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Social Media Food Trends

Welcome back to another installment of reviewing recent social media food trends. If you’re interested in reading previous round-ups of this, there are two that can be found here and here!

  1. Green Goddess Salad

This salad is a mixture of garlic, shallots, lime juice, chives, olive oil, nuts, basil, spinach and nutritional yeast enveloped in a homemade green goddess dressing, which adds further flavor from lemon, rice vinegar, and seasonings (to name a few of the dressing ingredients). If you’re looking for a new way to enjoy greens, such as spinach, this may be a fun way to have a different flavor experience. If it’s safe for you to eat dairy, you may find it more satisfying to add a cheese such as Parmesan or feta to the mixture versus nutritional yeast. Diet culture does not get to own salads so if you’re interested in this recipe to try something new, go for it! Plan to add in some protein and a carbohydrate to make it a more complete meal.

  1. Carrot Salad

This is a newer trend that I've seen circulating recently. This salad involves shaved carrots, an oil, apple cider vinegar and some seasonings. Having a different way to enjoy carrots may be valuable to you, however the claims behind this salad being “hormone balancing” are not evidence-based. Eating enough, which includes adequacy in terms of energy/calories and regularity of eating, is one of the best ways to make sure your body is in homeostasis. Additionally, fat-soluble vitamins such as vitamin A, which can be found in carrots, require a source of fat for optimal digestion and absorption. While this recipe does contain a small amount of cooking oil, being sure to have adequacy in your fat intake also helps for overall better nutrient absorption. Similarly to the above salad, eating this on its own would not be an energy or nutrient dense snack or meal, so be sure to add in a few more food groups to make this more complete.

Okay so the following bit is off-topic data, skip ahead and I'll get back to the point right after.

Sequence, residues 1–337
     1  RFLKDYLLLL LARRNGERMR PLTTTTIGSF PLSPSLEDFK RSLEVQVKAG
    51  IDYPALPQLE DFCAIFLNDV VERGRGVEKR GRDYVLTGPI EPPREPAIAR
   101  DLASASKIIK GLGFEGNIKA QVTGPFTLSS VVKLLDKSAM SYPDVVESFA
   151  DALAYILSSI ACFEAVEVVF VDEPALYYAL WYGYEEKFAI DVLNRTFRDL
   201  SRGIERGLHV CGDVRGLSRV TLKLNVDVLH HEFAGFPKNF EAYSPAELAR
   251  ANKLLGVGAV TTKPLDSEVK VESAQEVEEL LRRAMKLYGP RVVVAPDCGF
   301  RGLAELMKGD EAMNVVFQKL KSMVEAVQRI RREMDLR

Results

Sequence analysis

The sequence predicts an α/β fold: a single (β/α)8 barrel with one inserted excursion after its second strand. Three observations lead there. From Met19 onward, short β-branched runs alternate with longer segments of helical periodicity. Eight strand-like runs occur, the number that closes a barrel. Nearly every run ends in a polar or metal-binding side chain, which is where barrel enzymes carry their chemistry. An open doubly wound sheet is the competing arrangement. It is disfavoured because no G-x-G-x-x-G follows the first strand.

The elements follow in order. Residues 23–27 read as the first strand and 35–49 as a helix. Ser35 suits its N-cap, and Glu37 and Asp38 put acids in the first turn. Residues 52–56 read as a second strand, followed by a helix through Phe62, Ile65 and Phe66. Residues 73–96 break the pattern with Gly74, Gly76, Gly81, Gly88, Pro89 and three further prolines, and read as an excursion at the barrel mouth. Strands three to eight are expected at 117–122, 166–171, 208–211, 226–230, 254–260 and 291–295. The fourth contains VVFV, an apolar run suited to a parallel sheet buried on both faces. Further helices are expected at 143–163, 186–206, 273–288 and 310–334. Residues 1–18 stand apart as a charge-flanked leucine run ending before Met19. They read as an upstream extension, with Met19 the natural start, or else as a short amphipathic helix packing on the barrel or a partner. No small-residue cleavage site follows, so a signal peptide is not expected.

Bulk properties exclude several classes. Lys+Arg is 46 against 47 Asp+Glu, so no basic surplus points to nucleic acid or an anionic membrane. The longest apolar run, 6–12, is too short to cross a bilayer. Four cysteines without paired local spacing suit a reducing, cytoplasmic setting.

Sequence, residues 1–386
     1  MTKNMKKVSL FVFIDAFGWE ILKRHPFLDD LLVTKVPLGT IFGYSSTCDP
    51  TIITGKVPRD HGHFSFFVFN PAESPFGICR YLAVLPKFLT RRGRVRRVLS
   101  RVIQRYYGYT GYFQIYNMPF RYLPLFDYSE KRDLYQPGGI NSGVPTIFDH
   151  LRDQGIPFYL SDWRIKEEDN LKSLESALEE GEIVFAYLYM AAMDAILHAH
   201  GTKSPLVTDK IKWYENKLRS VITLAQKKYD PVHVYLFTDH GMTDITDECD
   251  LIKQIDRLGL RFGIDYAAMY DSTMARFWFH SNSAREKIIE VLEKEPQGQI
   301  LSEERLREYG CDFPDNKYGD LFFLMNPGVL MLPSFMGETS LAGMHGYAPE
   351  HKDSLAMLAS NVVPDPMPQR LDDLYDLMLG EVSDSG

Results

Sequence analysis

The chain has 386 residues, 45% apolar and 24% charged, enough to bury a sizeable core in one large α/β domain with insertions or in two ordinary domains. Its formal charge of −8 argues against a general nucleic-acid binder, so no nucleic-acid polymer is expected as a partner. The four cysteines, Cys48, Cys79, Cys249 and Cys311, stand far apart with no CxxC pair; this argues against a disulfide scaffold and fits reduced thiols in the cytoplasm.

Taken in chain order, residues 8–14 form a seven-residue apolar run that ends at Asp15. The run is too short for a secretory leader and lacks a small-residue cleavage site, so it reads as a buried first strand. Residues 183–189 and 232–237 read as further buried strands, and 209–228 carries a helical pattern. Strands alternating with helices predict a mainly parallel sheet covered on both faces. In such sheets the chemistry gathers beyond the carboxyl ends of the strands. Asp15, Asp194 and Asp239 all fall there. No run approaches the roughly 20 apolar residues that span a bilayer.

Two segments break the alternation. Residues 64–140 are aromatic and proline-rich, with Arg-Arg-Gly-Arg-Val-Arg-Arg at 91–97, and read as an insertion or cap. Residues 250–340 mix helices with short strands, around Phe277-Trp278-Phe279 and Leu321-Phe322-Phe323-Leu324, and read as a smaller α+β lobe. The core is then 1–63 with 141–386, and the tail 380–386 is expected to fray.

1. Salmon bowl

This is probably the most well-known viral trend as it’s been going around for a while now, but has not yet made it into one of these round-ups! These salmon bowls are pretty simple and can be a great way to repurpose leftover salmon and/or rice. All you need is salmon, rice (microwaved with an ice cube to create fluffier reheated rice), soy sauce, sriracha, avocado, and kimchi and eaten with seaweed. These bowls are pretty nutrient dense and boast carbohydrates, protein, fat, fiber, and a lot of flavor. This one is a yes!

  1. Baked oats

If you genuinely like oatmeal, this can be a great option, and even something that can be prepped ahead of time to enjoy throughout the week. No, not as a “healthy cake-for breakfast” option or something “we also desperately want to love it in order to achieve ultimate health and wellness”, as the referenced resource mentions, but simply as a carbohydrate source for meals and snacks. However if you’re someone who really doesn’t care for oatmeal and would much rather eat a bagel or freezer waffles for breakfast then no matter how the oats are made (baked oats, overnight oats, in the microwave, etc) you are likely not going to get much satisfaction from the meal. You also don’t have to go through the process of making these baked oats as the recipe says if that feels out of your wheelhouse. Perhaps simply taking microwavable oats for a carbohydrate and adding nut butter for some protein and fat, fruit for some additional fiber, and chocolate chips for some extra pizazz would help you to enjoy oatmeal more. Whatever your choice, make sure your motivations are because you enjoy oatmeal and want to try it in different variations, not because it feels like something you need to eat.

Remember, checking in with your motivations to try new recipes, especially trending recipes, is really important and may help to illuminate certain food rules. If you feel as though you need help examining food rules further, working with an eating disordered informed professional, such as a Registered Dietitian or therapist can be really helpful. If you are someone who’s already working with a professional and trying to improve your relationship to food, remember that you can opt out of following any food trends that do not feel of interest or helpful for you and your recovery/journey.



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